Though the stainless steel tunnel itself is expensive and has a large footprint, the steam generator is as much or more important. A waterline is connected to the generator, which has a high-pressure chamber filled with water and heated to create steam. The steam then moves from the generator into the stainless steel tunnel cavity, where the material is shrunk down. Any quality generator will have pressure relief valves and exterior drain lines for safety.

In addition to the steam tunnel and generator, conveyor belts will be required to transport products through the tunnel. They will need to be specialized conveyors made from stainless steel parts and frames. Many conveyors will have plastic top belting for washdown and moisture exposure. With all three components, expect to spend at least twenty thousand for smaller tunnels and up to fifty thousand or more for larger units.

How To Get the Best Results with a Shrink Tunnel

Heat Tunnel Interior

Due to the vast differences in controls, sizes, and heating sources, it can be challenging to troubleshoot or offer specific instructions for your machine. Three primary adjustments can be made separately to help get the best results with a shrink tunnel. Those adjustments are conveyor speed, tunnel temperature, and possible hot/cold spots. It is important to only change one option at a time when looking for the best results.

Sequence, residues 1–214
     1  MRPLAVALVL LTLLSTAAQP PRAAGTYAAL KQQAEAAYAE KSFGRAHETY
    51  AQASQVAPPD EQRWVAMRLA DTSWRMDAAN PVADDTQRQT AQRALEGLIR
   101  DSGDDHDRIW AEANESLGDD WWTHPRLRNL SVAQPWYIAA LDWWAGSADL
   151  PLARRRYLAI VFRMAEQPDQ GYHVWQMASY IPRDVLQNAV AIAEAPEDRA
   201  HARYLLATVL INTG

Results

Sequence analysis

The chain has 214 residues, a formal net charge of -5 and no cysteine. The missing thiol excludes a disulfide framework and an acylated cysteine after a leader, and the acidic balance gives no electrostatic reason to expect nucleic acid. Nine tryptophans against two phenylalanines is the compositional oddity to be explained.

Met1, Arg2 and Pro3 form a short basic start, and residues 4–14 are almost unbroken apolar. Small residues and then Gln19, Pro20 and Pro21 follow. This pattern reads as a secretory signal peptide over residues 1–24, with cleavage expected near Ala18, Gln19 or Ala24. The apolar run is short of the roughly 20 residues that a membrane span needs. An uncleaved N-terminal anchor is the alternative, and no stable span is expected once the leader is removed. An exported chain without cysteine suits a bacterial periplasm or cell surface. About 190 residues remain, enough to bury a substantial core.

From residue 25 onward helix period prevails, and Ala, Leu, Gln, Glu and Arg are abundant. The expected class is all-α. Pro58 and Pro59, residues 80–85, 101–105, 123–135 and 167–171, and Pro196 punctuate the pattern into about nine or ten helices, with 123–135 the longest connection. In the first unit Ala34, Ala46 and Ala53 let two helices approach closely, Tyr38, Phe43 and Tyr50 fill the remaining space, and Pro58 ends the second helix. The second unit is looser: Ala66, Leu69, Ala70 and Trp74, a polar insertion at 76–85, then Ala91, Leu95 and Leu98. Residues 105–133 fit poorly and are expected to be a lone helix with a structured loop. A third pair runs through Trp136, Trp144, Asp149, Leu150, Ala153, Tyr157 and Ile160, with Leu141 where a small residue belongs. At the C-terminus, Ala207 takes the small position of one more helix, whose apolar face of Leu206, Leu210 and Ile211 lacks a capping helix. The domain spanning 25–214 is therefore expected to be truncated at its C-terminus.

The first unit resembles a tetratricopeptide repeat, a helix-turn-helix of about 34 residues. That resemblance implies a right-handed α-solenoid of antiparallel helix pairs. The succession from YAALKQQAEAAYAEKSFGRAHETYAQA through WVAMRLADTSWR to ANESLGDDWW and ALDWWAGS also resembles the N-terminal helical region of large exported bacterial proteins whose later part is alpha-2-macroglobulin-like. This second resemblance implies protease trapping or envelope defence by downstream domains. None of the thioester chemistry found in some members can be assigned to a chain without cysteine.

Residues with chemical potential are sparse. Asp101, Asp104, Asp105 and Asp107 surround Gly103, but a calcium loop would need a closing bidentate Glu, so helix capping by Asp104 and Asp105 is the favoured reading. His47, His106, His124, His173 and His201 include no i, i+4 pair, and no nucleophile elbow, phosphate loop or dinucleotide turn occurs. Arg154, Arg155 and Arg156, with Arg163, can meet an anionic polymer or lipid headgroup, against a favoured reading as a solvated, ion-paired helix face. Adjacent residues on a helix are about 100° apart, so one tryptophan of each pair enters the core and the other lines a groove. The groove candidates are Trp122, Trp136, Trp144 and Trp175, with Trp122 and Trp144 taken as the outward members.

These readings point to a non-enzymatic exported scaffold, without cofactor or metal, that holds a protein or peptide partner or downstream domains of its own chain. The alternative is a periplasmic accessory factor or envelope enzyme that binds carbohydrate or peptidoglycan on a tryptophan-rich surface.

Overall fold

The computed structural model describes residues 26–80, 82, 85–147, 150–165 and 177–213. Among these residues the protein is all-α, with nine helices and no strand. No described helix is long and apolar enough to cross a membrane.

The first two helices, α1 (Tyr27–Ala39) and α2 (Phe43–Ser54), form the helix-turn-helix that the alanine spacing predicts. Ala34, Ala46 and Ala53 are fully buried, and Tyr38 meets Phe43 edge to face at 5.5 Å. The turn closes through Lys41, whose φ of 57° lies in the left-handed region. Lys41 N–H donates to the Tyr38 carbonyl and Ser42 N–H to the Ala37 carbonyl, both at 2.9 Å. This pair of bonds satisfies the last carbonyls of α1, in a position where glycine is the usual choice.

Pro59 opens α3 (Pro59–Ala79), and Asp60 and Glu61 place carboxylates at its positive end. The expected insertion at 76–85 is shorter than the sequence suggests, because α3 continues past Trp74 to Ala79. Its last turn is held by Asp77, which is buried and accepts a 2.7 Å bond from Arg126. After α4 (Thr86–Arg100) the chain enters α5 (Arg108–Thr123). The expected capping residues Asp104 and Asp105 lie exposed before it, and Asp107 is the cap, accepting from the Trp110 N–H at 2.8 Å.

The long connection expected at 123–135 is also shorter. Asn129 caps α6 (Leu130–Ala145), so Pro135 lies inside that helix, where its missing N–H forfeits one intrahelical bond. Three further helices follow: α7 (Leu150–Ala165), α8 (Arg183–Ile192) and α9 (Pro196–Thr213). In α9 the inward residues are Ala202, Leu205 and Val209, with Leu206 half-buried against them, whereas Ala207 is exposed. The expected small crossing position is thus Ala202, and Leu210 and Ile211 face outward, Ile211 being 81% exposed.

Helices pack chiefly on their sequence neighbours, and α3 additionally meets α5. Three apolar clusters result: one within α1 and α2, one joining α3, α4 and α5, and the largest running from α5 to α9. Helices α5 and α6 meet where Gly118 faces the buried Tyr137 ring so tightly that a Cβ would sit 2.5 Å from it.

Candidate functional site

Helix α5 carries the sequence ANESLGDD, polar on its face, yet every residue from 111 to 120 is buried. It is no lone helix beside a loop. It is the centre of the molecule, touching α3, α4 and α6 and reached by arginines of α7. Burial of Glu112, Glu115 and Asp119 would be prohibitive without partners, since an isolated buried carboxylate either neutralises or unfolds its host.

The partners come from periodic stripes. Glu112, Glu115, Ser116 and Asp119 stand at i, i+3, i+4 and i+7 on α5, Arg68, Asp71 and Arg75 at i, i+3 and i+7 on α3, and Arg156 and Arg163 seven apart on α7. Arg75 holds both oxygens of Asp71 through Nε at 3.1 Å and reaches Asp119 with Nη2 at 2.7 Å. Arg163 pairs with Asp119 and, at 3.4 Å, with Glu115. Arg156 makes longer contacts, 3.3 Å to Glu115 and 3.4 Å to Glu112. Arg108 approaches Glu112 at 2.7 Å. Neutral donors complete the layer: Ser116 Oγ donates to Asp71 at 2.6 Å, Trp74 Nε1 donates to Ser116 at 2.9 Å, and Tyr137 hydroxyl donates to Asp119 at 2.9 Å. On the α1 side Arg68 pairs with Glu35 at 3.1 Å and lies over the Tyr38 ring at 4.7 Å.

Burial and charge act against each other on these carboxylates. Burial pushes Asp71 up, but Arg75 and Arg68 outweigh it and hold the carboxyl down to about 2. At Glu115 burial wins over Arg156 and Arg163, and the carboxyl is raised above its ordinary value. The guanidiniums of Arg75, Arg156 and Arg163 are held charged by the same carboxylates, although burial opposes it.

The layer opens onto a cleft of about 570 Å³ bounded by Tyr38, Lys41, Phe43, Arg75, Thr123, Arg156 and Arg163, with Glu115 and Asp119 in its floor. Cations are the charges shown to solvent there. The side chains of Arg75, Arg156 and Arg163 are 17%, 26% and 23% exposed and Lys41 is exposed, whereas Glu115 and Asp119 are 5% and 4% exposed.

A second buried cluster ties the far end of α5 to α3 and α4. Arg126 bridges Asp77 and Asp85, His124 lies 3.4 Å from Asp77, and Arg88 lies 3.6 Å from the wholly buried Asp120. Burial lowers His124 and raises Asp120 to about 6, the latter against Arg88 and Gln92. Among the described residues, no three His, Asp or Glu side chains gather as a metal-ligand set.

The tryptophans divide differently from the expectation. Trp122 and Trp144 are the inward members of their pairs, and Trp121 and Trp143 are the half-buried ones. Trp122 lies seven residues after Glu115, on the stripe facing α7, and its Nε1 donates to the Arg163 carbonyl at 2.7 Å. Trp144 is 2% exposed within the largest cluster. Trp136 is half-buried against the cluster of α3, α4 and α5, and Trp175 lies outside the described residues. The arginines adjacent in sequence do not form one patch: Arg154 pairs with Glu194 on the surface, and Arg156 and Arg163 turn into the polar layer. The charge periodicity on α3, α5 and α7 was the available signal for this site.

Conveyor Speed

Increasing how fast or slow products move through the heated area can be a difference maker. If not enough shrink has been made, reduce the speed of the conveyor for a longer dwell time. If burn holes appear, increase the speed of the tunnel for less heat exposure. A temperature change will be needed if the conveyor moves at the slowest or fastest pace possible and does not achieve the best results.